Martyn Lloyd-Jones is not shown to us without flaws, though the biography is sympathetic. That is the virtue of Murray’s work: a completely sympathetic view, thorough, researched and detailed. The weaknesses are that Murray is not a master of historiography and that perhaps a broader humanism would have given us a better picture of the person. It will also count against this biography, if and when more are forthcoming, that Murray is so much in sympathy with his subject. A better detachment will be required before a thorough evaluation of Lloyd-Jones is possible; but I doubt a thorough evaluation, the size of the tomes notwithstanding, was in Murray’s view.
Especially to those of my background let me say that whether you have departed fundamentalism, are departing or are considering what will happen once it disintegrates all away, I recommend that you read this biography for encouragement, at least; it is hard to avoid becoming cynical, and this helps. I think it will help you evaluate how to proceed and may help you to form your judgment.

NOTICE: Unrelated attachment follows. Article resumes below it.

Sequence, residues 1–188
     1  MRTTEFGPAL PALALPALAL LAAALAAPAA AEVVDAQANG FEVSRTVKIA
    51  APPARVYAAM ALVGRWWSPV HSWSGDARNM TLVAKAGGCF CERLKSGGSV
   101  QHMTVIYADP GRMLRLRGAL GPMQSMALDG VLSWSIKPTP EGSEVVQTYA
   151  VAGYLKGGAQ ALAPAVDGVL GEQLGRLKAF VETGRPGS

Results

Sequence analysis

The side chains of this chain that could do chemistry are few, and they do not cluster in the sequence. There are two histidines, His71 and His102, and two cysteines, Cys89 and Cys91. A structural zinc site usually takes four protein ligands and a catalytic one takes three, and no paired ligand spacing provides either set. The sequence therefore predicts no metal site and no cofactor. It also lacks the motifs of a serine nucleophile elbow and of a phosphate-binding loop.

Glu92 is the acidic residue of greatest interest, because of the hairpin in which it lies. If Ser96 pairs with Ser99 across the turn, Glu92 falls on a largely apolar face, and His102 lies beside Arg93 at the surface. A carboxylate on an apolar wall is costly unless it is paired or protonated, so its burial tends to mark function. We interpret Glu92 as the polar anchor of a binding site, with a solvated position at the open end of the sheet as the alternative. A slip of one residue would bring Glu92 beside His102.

I urge you to get it and read it if you are a pastor because Murray writes to stir up pastors to a greater work, and he witnessed first-hand an exemplar pastor. You will learn from the wisdom that Lloyd-Jones displayed; you will be encouraged by some of his early faults and stirred up by his earnestness; and even if you do not accept the idea that supernaturalism is badly believed in the modern church, you will see what a thorough commitment to the thoroughgoing supernaturalism of early Christianity might look like. In Lloyd-Jones you don’t have the range of sympathy that A. W. Tozer had for mysticism and ancient spiritual writings, but this may help make the case for supernaturalism in Christianity for many Calvinists and others who are timid of a commitment to supernaturalism in all of its rigors (by which I do not mean continuationism, though once I thought so) and tend toward Modern notions of objectivity for security.